I should have known it was coming at some point. But I didn’t. And I felt like a deer in the headlights.

It’s a simple enough word, perplexingly defined by Webster as “the predominant current or tendency of a movement, discipline, etc.” But it’s the secondary definition that we special-needs parents know all too well: “v.t. put (handicapped students) in regular classes.” Yes, that’s exactly what’s printed in my desk dictionary, complete with the parenthesis. And I cringed when I checked it later, wondering if Nigel had heard or read something similar, causing him to ask. Wanting to hear it from me. Wanting to see what it meant to me, perhaps. Wanting to know what it meant for him. It’s something that we special-needs parents mention at IEP meetings and in blog posts and annual Christmas letters (well I do, anyway): Our hopes of mainstreaming. Our relief and pride when it happens successfully. Our sadness and frustration when it does not. I am unfortunately too familiar with the highs and lows of mainstreaming. Sometimes I think we give that word too much power.

Back to the car. Back to me wondering what to say in the second after he posed his question. I figured I’d keep it general, didn’t want to get too heavy. After all, we were going to the video store. The possibility hit me that perhaps he had read the word in the context of movies. So I tentatively forged ahead and said, “Um…mostly it means ‘typical.’ Like with movies and books – what most people are watching and reading. It’s the usual stuff.”

“Okay,” he said, his way of indicating that he understands something. A few minutes later we arrived at the store, and the conversation didn’t continue.

But the box had been opened, and I couldn’t just close it back up. We needed to discuss what was inside. He’s a sophomore in high school (!), he has started attending his own IEP meetings, and he should know. He should hear it from me. So a few days later (processing time for both of us), I went to talk to him in his room one evening, when I knew he would be relaxed, and I broached the subject. I asked him if he remembered asking me what ‘mainstream’ meant, and where he had heard or read it mentioned before. He confirmed that his question was in regard to movies, and then I told him that there was another meaning of the word that I wanted him to be aware of because he might hear it at his IEP meetings or read about it somewhere. I told him that when students have autism or other differences that affect their learning, “mainsteaming” them means that they are taught in the same classroom with other students, but that they often have aides for assistance. I briefly told him of his own mainstreaming history. I told him that some students have difficulty being mainstreamed and are taught in smaller classrooms or homeschooled, and that they are just as important, just as intelligent. They just have different educational needs. I told him that mainstreaming isn’t best for everyone. That sometimes it wasn’t working for him either, and that was okay. We just had to find something that worked for him. And we did, whether it was full-time homeschooling or part-time mainstreaming. It was all okay.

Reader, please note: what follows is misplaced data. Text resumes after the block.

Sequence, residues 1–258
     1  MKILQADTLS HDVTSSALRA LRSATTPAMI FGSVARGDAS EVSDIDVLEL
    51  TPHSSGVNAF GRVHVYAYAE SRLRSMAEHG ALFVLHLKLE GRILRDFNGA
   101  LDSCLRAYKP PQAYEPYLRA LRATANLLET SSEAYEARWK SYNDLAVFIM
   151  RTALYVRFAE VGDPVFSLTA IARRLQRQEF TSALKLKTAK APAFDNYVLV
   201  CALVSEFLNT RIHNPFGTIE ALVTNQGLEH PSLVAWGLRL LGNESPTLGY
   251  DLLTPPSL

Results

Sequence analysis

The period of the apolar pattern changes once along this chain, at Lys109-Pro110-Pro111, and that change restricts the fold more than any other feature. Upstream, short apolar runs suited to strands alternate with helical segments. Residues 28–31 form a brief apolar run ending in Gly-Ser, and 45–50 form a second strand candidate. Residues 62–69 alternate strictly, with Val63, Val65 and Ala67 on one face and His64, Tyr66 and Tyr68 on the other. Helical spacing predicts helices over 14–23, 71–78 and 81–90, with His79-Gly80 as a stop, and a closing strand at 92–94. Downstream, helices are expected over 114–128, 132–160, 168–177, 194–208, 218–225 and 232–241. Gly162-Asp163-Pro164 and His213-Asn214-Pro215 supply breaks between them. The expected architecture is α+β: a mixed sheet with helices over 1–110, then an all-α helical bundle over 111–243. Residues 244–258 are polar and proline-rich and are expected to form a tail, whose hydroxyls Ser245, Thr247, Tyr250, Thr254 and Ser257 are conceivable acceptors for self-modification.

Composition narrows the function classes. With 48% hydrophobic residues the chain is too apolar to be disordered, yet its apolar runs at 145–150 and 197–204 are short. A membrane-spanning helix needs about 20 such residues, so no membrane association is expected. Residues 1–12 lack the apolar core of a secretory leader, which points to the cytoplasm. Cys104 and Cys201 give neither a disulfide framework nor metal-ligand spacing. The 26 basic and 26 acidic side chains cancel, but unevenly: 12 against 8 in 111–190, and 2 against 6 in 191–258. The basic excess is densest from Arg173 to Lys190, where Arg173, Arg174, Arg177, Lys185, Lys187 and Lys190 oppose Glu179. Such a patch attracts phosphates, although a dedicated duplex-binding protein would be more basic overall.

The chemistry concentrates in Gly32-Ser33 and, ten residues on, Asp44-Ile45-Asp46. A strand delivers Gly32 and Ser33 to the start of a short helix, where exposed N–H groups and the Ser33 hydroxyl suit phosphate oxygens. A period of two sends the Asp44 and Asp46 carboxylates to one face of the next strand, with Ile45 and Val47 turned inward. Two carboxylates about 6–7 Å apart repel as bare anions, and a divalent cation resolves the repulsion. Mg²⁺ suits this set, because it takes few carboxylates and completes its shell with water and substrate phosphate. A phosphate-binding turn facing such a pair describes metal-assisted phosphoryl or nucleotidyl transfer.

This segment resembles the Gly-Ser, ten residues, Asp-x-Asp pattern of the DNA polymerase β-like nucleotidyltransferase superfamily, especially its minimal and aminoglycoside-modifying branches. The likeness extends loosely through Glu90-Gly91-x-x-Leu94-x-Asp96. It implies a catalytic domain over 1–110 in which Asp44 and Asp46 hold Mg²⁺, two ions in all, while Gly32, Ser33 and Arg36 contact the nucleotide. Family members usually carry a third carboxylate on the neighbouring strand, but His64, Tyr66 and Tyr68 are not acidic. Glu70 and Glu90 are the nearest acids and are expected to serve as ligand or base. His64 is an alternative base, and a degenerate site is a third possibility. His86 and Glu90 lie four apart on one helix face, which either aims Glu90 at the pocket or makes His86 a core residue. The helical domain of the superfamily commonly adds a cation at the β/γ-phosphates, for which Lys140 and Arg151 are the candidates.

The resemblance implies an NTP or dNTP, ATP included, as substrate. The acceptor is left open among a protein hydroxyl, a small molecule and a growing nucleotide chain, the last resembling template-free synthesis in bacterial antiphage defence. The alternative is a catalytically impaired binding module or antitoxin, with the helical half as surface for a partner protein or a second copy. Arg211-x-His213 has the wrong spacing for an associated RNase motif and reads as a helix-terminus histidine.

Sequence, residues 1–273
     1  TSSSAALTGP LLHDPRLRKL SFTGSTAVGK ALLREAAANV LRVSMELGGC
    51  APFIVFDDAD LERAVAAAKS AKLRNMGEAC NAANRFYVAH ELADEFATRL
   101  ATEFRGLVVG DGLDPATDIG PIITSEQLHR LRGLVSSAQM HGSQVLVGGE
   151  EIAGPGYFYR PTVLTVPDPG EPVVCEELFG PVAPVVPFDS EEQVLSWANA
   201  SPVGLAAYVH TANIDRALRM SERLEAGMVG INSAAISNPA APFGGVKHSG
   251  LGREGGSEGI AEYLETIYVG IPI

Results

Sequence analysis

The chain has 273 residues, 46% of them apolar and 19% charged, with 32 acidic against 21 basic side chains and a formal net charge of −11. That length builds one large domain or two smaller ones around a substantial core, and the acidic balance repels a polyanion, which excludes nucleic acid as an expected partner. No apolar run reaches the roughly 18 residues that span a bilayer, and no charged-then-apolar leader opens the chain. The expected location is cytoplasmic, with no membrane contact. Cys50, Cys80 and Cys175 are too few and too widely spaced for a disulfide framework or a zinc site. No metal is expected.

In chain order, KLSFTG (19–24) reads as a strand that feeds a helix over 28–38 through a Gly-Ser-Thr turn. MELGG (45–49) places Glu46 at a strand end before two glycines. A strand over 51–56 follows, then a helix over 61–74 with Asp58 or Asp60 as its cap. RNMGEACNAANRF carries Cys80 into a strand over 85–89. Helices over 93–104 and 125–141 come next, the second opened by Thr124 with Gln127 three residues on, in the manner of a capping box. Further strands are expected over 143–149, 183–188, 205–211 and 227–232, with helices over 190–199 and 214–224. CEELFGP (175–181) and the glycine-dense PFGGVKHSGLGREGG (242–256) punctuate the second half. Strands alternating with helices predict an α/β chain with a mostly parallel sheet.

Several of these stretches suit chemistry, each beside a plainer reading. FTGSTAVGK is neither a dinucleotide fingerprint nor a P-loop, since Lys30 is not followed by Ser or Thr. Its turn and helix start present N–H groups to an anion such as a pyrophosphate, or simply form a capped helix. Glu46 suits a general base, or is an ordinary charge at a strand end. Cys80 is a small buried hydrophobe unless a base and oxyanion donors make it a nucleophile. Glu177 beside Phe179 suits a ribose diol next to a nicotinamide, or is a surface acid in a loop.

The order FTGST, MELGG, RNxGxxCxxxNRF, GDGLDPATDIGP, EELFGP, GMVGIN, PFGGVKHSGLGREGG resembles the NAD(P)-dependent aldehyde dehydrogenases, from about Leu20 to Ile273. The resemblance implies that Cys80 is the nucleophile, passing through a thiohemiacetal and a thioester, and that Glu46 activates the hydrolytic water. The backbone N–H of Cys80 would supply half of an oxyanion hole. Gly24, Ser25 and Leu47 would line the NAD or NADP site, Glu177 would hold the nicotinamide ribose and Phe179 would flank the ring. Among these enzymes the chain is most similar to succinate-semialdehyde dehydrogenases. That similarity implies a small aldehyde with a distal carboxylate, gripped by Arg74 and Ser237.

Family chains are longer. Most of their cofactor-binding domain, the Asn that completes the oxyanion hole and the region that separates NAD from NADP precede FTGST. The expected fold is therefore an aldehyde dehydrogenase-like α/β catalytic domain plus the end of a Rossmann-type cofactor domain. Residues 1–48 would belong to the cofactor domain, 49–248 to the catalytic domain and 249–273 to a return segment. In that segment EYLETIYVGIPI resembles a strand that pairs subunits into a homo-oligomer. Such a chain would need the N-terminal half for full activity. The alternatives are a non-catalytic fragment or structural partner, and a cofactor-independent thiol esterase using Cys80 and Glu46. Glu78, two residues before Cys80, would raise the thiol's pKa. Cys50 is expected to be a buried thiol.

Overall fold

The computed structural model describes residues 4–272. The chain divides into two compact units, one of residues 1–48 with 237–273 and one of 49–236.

And gradually, over the years, that powerful word lost its influential quality.

Mainstreaming is not about the right way or the wrong way, superior if you are or inferior if you aren’t. It’s not the Holy Grail of education, as I mistakenly believed in years past. I remember the Christmas letter I wrote ten years ago, how I unwittingly glorified mainstreaming by crowing about how Nigel, age five, was finally starting to talk, and I wrote, “We hope to have Nigel mainstreamed for Kindergarten next year.” In fact, he wasn’t mainstreamed until second grade, and that was difficult at best, even with a full-time one-on-one aide. He wasn’t mainstreamed for most of middle school either. And here’s the thing – he’s a better person for it. He has not had a typical education, but he has had a well-rounded one. He has learned just as much, if not more, and he is happy. And I am just as proud of that.

The Boy and the Vacuum Cleaner

[This post was originally published at Hopeful Parents]

Once upon a time there was a little boy who had autism. He did not start talking until he was five years old, and he often screamed and butted his head into people and walls to indicate his frustration. He also had agonizing sensory issues that made it impossible for him to filter loud noises, and he would scream and bolt whenever someone turned on a mechanical device in his presence. He would be disturbed by leaf blowers more than a block away, and the vacuum cleaner in the house was such an assault on his hearing that he would fly into a panic if anyone so much as walked in front of the closet in which it was kept. His parents would try to “sweep” the carpet as often as possible to avoid using the vacuum cleaner. When they absolutely needed to use it, one parent would take the little boy outside and comfort him while the other parent vacuumed.